Publications

Books and Edited Volumes

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Slaves Waiting for Sale: Abolitionist Art and the American Slave Trade

University of Chicago Press, 2011
Charles C. Eldredge Prize, Smithsonian American Art Museum
Library of Virginia Literary Award for non-fiction, 2012


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Shaping the Body Politic: Art and Political Formation in the Early Nation

Charlottesville: University of Virginia Press, 2011.
co-edited volume with Louis P. Nelson.
Includes my essay, “Revisiting Cincinnatus: Houdon’s George Washington.”


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The Politics of Taste in Antebellum Charleston

Chapel Hill: University of North Carolina Press, 2005
Spiro Kostof Book Award, Society of Architectural Historians
George C. Rogers, Jr. Book Award, South Carolina Historical Society
Fred B. Kniffen Book Award, Association for the Preservation of Artifacts & Landscapes


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A Jeffersonian Ideal: Selections from the Dr. and Mrs. Henry C. Landon III Collection of Fine and Decorative Arts

Charlottesville, VA: University of Virginia Art Museum, 2005.
(Served as contributor and co-editor).


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In Pursuit of Refinement: Charlestonians Abroad 1740-1860

Columbia: University of South Carolina Press, 1999.
(Lead author and editor).
Mary Ellen LoPresti Book Award, Art Libraries Society of North America, Southeast Chapter


Articles in Peer Reviewed Journals, Edited Volumes, and Exhibition Catalogs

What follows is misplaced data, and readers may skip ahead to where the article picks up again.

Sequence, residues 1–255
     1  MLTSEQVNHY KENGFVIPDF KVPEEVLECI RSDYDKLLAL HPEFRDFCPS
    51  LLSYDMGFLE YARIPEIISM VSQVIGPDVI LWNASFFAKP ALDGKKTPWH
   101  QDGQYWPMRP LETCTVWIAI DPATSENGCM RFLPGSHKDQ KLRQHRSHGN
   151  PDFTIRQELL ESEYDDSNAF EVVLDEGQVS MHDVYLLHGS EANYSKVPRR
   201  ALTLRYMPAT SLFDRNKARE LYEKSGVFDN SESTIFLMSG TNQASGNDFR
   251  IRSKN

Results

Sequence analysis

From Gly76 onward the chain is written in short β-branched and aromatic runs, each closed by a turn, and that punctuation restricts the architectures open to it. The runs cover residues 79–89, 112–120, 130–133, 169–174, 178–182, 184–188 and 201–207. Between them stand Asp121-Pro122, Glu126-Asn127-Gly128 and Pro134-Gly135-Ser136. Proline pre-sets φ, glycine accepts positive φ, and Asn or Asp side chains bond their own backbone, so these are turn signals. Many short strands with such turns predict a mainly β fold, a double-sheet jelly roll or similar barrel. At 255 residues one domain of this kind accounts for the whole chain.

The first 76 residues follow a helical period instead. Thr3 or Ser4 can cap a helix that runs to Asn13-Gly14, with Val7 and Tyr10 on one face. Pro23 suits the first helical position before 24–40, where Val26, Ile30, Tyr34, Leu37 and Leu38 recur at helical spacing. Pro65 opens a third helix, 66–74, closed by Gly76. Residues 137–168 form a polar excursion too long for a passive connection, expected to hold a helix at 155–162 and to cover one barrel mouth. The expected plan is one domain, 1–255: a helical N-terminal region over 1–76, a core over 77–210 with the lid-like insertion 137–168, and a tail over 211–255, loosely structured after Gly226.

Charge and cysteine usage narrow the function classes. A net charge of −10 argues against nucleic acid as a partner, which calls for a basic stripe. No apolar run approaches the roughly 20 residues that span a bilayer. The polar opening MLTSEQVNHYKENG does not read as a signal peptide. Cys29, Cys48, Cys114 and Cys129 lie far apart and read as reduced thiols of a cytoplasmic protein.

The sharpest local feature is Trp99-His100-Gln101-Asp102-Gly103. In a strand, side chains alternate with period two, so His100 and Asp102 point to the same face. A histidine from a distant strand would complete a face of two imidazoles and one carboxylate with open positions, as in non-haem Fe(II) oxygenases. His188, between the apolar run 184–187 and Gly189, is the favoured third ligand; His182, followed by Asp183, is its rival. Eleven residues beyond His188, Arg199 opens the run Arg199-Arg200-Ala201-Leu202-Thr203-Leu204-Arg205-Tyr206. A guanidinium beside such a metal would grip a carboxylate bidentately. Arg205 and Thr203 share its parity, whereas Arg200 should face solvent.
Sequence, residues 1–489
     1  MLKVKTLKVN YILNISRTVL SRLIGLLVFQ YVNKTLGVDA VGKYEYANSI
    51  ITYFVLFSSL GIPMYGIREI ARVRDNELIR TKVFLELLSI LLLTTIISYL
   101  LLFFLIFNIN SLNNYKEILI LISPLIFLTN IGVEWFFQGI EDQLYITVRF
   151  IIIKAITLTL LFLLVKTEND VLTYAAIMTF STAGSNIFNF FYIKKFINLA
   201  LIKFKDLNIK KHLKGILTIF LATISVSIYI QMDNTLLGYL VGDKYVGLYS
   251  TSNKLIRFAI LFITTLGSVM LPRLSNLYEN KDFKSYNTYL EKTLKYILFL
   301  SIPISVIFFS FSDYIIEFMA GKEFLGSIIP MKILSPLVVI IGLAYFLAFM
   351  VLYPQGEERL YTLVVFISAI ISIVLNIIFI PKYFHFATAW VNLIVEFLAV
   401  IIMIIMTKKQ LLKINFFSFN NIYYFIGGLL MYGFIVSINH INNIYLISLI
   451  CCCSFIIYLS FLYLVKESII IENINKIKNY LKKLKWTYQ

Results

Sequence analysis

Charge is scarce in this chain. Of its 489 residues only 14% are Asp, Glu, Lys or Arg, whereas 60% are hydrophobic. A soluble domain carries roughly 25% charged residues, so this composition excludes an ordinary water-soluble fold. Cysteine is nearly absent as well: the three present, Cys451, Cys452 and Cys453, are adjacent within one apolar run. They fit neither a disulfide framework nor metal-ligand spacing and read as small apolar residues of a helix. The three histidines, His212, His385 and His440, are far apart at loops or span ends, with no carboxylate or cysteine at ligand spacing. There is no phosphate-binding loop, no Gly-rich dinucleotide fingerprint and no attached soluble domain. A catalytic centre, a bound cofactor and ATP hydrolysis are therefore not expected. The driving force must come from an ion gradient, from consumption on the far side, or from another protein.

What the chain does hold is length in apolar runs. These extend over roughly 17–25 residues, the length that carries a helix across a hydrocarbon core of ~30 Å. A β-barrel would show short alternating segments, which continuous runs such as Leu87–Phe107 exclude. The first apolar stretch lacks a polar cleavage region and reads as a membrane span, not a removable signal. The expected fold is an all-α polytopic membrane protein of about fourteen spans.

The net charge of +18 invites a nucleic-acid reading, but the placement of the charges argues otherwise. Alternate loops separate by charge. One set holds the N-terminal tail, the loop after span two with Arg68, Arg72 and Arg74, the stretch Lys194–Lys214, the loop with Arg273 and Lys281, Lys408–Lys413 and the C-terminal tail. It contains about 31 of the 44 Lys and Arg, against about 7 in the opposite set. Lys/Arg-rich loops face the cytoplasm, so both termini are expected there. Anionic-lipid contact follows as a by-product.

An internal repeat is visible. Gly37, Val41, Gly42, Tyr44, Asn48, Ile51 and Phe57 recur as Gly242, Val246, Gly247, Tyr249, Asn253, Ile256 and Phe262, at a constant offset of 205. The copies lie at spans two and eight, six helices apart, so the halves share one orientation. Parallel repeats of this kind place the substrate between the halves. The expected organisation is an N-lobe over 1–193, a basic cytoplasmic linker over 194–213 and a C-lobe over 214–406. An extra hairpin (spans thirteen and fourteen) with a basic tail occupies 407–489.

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” ‘To Strike Terror’: Equestrian Monuments and Southern Power,” The Civil War in Art and Memory edited by Kirk Savage (Center for the Advanced Study of the Visual Arts; Yale University Press), 2016.


“Mapping the Slave Trade in Richmond and New Orleans,” Buildings and Landscape 20.2 (Fall 2013): 102-125.


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“George Washington: Cincinnatus or Marcus Aurelius?” in Thomas Jefferson, The Classical World, and Early America, edited by Peter S. Onuf
Charlottesville: University of Virginia Press, 2011.


 

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“Raphaelle Peale’s Still Life with Oranges: Status, Ritual, and the Illusion of Mastery,” in Material World in Anglo-America: Regional Identity and Urbanity in the Tidewater, Lowcountry, and Caribbean
Edited by Davis S. Shields
Columbia: University of South Carolina Press, 2009


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“The Most Famous Plantation of All: The Politics of Painting Mount Vernon,” in Landscape of Slavery: The Plantation in American Art.
Edited by Angela D. Mack and Stephen G. Hoffius.
Columbia: University of South Carolina Press, 2008.

                • Mary Ellen LoPresti Book Award, Art Libraries Society of North America, Southeast Chapter

“Little of Artistic Merit? The Problem and Promise of Southern Art History,” American Art 19.2 (Summer 2005): 11-18.


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“Conflating Past and Present in the Reconstruction of Charleston’s St. Philip’s Church,” in Constructing Image, Identity, and Place: Perspectives in Vernacular Architecture IX, Alison K. Hoagland and Kenneth A. Breisch, eds.